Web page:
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Über dieses Buch

This book review series presents current trends in modern biotechnology. The aim is to cover all aspects of this interdisciplinary technology where knowledge, methods and expertise are required from chemistry, biochemistry, microbiology, genetics, chemical engineering and computer science. Volumes are organized topically and provide a comprehensive discussion of developments in the respective field over the past 3-5 years. The series also discusses new discoveries and applications. Special volumes are dedicated to selected topics which focus on new biotechnological products and new processes for their synthesis and purification. In general, special volumes are edited by well-known guest editors. The series editor and publisher will however always be pleased to receive suggestions and supplementary information. Manuscripts are accepted in English.

Inhaltsverzeichnis

Frontmatter

Sweeteners

Abstract
Polyols as sugar substitutes, intense sweeteners and some new carbohydrates are increasingly used in foods and beverages. Some sweeteners are produced by fermentation or using enzymatic conversion. Many studies for others have been published. This chapter reviews the most important sweeteners.
Graphical Abstract
Gert-Wolfhard von Rymon Lipinski

Biopreservatives

Abstract
Food producers of today are met with inherently contradictory demands as seen from a microbiological point of view: producing foods that are less stable (due to nutritional and taste requirements) by processes that confer less control of the detrimental microflora (due to trends of convenience, minimal processing, and reducing or removing additives including preservatives). How should food producers manage to develop such products with a sufficiently long shelf-life and at a competitive price? Some of the most promising tools to this end are the so-called biopreservatives, which are various types of products derived from lactic acid bacteria and other suitable microorganisms, namely bacteriocins and other antimicrobials, fermentates, bioprotective cultures, and bacteriophages. This chapter provides an overview of the scientific background and functionality, as well as food applications and further commercial aspects of each of these categories of biopreservatives.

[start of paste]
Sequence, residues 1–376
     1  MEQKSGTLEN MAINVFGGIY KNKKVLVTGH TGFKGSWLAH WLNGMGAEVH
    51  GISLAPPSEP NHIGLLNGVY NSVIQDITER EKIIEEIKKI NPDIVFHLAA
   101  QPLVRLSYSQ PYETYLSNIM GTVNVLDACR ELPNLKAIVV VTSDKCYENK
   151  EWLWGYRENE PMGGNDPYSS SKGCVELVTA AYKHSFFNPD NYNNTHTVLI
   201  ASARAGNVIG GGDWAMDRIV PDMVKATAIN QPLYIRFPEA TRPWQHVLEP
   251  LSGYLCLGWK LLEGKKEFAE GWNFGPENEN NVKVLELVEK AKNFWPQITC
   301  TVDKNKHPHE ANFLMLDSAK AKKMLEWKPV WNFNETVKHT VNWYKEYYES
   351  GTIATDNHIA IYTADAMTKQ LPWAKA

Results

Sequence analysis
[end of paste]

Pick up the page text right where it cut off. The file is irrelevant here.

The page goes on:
Graphical Abstract
Dieter Elsser-Gravesen, Anne Elsser-Gravesen

Biotechnological Production of Colorants

Abstract
The color of food and drinks is important, as it is associated with freshness and taste. Despite that natural colorants are more expensive to produce, less stable to heat and light, and less consistent in color range, natural colorants have been gaining market share in recent years. The background is that artificial colorants are often associated with negative health aspects. Considerable progress has been made towards the fermentative production of some colorants. Because colorant biosynthesis is under close metabolic control, extensive strain and process development are needed in order to establish an economical production process. Another approach is the synthesis of colors by means of biotransformation of adequate precursors. Algae represent a promising group of microorganisms that have shown a high potential for the production of different colorants, and dedicated fermentation and downstream technologies have been developed. This chapter reviews the available information with respect to these approaches.
Graphical Abstract
Lex de Boer

Acidic Organic Compounds in Beverage, Food, and Feed Production

Abstract